Our Specialty - Gastroenterology
- Upper Endoscopy (EGD)
An upper GI endoscopy looks at the upper part of the gastrointestinal tract including the esophagus, the stomach and the first part of the small intestine, called the duodenum. The esophagus is a hollow tube that carries the food to the stomach and small intestine for digestion. The stomach is a reservoir of food where the initial digestion process begins. The intestine is where the digestive enzymes process a meal and nutrients are absorbed.
The gastroenterologist uses an endoscope, a long, thin, flexible tube with a light and camera at the end to help guide the scope throughout the duration of the procedure. The camera on the end helps the physician both guide the endoscope throughout the length of the upper GI tract, and take pictures. Gastroenterologists commonly perform this procedure as a way to evaluate and diagnose various problems, such as chronic heartburn (acid reflux), difficulty swallowing, stomach or abdominal pain, bleeding, ulcers and tumors.
The patient remains comfortable during the procedure with the help of intravenous sedation (anesthesia). The drug enables the patient to remain pain and comfortable throughout the entire procedure.
The procedure normally takes 10-15 minutes. Afterwards, the patient waits in the recovery room while the anesthetic wears off. Once the medication dissipates, the patient may feel soreness in the back of the throat. Due to the lingering effects from the sedation, the patient cannot drive or work for the remainder of the day, and therefore must have a ride home.
The colon, also known as the large bowel, is the last portion of your gastrointestinal tract. It starts at the cecum, which is connected to your small intestine, and ends at your rectum. The colon is a hollow tube, measuring four feet in length on average, and its main function is to store food byproducts prior to their elimination. A colonoscope is used to examine the colon in a procedure known as a colonoscopy. A colonoscope is a long, thin, flexible tube with a video camera and light at its end. The gastroenterologist will put a little bit of air into the colon as the scope is advanced. The camera on the end helps the physician both guide the colonoscope throughout the length of the colon and take pictures of the colon.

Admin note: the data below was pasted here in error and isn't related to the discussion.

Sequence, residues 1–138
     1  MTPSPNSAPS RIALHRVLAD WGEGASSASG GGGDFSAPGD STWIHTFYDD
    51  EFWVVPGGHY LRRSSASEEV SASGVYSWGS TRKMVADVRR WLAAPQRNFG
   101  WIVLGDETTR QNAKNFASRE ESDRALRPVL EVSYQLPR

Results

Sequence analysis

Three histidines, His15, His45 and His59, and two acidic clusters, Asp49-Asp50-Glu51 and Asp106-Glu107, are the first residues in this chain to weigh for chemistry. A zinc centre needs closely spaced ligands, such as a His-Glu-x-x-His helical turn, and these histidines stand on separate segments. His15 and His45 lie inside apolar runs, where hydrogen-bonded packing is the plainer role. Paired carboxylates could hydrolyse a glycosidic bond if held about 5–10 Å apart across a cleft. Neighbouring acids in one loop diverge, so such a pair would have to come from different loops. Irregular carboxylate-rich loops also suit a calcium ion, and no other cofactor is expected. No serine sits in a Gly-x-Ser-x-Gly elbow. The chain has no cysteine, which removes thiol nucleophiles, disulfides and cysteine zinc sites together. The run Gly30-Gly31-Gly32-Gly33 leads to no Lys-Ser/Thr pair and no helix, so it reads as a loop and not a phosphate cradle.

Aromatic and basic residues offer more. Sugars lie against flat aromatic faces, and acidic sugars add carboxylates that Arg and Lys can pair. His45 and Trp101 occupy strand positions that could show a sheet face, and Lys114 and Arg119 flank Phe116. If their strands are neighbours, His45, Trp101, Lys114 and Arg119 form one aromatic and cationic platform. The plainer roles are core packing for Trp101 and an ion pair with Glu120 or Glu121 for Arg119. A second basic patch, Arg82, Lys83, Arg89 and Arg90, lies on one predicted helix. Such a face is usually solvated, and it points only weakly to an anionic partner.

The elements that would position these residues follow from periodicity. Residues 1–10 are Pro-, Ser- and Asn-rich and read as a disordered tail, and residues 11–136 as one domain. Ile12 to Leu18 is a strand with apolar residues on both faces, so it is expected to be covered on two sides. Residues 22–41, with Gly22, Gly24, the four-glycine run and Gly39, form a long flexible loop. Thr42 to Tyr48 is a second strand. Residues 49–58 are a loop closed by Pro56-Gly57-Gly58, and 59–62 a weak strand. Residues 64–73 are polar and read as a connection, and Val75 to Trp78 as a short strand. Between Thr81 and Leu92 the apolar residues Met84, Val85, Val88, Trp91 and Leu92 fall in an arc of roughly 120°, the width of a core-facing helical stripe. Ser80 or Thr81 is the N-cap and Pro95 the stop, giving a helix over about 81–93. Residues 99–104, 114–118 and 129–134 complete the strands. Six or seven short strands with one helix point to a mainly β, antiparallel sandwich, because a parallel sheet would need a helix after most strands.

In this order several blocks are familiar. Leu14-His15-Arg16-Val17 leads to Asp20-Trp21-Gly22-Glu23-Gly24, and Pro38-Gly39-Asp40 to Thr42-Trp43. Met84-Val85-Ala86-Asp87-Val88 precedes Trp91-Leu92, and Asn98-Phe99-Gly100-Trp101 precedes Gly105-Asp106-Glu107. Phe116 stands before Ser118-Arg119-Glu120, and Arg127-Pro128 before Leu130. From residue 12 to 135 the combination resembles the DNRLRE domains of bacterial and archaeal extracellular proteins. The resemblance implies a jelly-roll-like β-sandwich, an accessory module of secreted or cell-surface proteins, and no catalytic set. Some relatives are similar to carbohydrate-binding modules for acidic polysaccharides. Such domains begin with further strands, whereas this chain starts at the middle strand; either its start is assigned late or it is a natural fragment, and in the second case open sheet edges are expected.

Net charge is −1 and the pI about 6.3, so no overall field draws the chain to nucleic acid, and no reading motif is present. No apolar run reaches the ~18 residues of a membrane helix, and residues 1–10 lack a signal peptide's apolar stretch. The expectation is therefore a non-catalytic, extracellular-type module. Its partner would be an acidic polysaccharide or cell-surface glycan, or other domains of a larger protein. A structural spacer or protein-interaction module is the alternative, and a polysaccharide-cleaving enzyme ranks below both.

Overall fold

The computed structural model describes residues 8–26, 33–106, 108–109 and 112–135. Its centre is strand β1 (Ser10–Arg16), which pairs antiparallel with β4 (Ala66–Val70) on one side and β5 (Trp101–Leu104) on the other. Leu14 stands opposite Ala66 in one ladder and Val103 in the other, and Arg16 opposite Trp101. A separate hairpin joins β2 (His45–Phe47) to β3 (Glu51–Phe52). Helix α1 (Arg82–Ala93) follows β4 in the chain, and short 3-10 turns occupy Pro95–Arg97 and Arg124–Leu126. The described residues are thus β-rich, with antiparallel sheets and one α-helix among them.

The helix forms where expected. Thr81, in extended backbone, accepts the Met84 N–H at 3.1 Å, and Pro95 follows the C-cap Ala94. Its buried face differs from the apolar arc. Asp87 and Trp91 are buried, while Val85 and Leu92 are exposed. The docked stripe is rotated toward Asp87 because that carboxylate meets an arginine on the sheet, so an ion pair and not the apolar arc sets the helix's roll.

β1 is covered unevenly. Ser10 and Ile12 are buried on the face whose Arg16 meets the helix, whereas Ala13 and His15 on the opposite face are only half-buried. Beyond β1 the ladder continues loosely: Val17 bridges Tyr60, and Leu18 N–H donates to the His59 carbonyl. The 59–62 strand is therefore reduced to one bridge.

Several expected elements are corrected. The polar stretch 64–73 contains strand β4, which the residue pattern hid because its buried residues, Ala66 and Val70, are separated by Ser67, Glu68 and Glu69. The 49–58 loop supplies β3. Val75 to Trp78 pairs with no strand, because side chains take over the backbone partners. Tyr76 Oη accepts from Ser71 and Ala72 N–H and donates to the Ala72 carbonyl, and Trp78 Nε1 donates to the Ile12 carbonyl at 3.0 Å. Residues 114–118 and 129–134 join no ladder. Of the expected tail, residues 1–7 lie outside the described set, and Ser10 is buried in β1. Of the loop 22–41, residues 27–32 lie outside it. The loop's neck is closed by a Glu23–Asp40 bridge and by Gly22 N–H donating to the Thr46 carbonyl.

This procedure also allows other instruments to be passed through the colonoscope. For example, forceps may be used to painlessly remove a suspicious looking growth for analysis. During the colonoscopy, the gastroenterologist can remove polyps with a procedure called “polypectomy”. In this way, a colonoscopy may help to avoid surgery or better determine what kind of surgery needs to be performed.
Colonoscopies are most commonly performed in colorectal cancer screening and prevention. It is also increasingly used to evaluate problems such as blood loss, abdominal pain and changes in bowel habits.
Patients remain comfortable throughout the procedure with the help of intravenous sedation. The drugs enable the patients to remain awake but comfortable throughout. The air introduced into the colon may cause cramping and feeling of fullness.
A colonoscopy typically takes about 30 minutes. Afterwards, the patient is moved to a recovery room while the anesthetic wears off. Patients should not drive or work for the remainder of the day, and, must, therefore have a ride home. All feelings of bloating and cramping should fade within 24 hours.
Capsule endoscopy allows examination of the entire small intestine by ingesting a vitamin-pill sized video capsule with its own camera and light source (a pill with a video camera built into it). During the eight-hour exam, the patient is free to move about. While the video capsule travels through the body, it sends images to a data recorder on a waist belt worn by the patient. Afterwards the doctor will view the images on a video monitor.